It’s not just dribble, it’s pretentious dribble

Isabella and the Pot of Basil by William Holman Hunt.
Isabella and the Pot of Basil by William Holman Hunt.

Over the last couple of weeks we’ve visited a fair number of art galleries in Scotland and the North of England, and we have seen a great deal of great art. ‘Isabella and the Pot of Basil’ by William Holman Hunt for example (on display in the Laing Art Gallery, Newcastle) is something we could have spent hours looking at. When you look at Hunt’s Isabella you can see he has spent hours observing light, shadows, colours, shape, form, how light reflects off objects onto other objects… Hunt has then gone on to recreate what he saw with such skill and dedication that it looks as if you could reach out and touch the cloth draped over the prie-dieu though I’d not like to pull the basil from the pot if it contained Lorenzo’s severed head 😉

A couple of days after our visit to the Laing Art Gallery we visited Abbot Hall Art Gallery in Kendal, on the ground floor we really enjoyed the works of Ruskin, his observation and detailed work were excellent. The work of Joseph Mallord William Turner with is painting of ‘The Passage of Mount St Gothard, Taken from the Centre of the Teufels Broch (Devil’s Bridge), Switzerland’ again left you feeling that this was an artist who had studied his subject, the light, how the mist and cloud faded and changed. We wandered upstairs to a much hyped exhibition ‘Taking Flight: St Ives in the 1950s’ – I say much hyped as the Daily Telegraph review said it was the ‘Hot Ticket’ and The Times said it was ‘Hot 50 Critics Choice’. What we were faced with was nothing more than pretentious dribble, to think that artists spent their time and energy working in a beautiful area like St Ives only for them to produce a series of frankly embarrassing set of “paintings” is to me very wrong indeed. I visited the place in the late 80’s and it would have been a wonderful place to spend some time with a sketchbook and some paints, how then they turned a place of beauty into what Julie described quite well as a migraine on canvas I’ll never know. There was obviously a failure somewhere between the artist observing the scene and them translating that observation to canvas. Whilst it’s true that art takes all forms, I’m just not sure why so much gallery space and money is given to such pretentious dribble when there are so many real artists out there trying to get their work seen and recognized.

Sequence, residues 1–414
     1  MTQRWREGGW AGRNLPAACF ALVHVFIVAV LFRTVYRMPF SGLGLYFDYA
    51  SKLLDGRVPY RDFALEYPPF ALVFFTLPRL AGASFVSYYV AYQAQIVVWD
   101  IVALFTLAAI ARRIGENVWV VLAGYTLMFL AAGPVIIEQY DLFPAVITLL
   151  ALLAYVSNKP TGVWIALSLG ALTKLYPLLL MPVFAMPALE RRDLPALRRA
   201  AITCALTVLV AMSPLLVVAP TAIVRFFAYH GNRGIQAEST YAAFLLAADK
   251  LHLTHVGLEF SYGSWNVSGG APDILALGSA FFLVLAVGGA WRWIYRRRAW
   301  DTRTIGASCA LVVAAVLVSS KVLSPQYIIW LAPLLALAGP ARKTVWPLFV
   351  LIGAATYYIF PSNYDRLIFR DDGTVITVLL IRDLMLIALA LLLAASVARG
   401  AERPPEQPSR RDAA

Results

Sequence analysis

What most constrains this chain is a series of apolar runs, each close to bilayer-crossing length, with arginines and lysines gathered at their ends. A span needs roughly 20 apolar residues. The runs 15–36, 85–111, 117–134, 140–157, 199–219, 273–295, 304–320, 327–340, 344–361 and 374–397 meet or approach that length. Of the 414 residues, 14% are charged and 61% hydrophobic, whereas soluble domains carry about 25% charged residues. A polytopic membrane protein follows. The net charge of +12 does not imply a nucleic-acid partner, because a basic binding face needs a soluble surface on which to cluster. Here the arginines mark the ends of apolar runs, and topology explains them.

Strange to think you can visit the Laing Art Gallery in Newcastle for free and see works by Hunt and Burne-Jones, yet you have to pay to visit the Abbot Hall Art Gallery to see dribble-o-stasis (a new term for pretentious dribble captured on canvas).

Having said all that, there was one piece that caught my eye titled ‘descent’* which wasn’t too bad…



If you are thinking of visiting a gallery try to find one that has some real art inside, it’s inspiring, and well worth the effort, but for every gallery you visit try to find someone’s work online who hasn’t yet made it into the public galleries and if you like what you see give them a friendly pat on the back (you could even go mad and support them even more by buying something ;-)) – but only if it’s not a load of pretentious migraine inducing dribble 🙂

*Yes, this took thirty seconds with a scrap of paper and some paint, but it would not have looked out of place in the St Ives exhibition.

Related posts

One Thought to “It’s not just dribble, it’s pretentious dribble”

Leave a Comment

This site uses Akismet to reduce spam. Learn how your comment data is processed.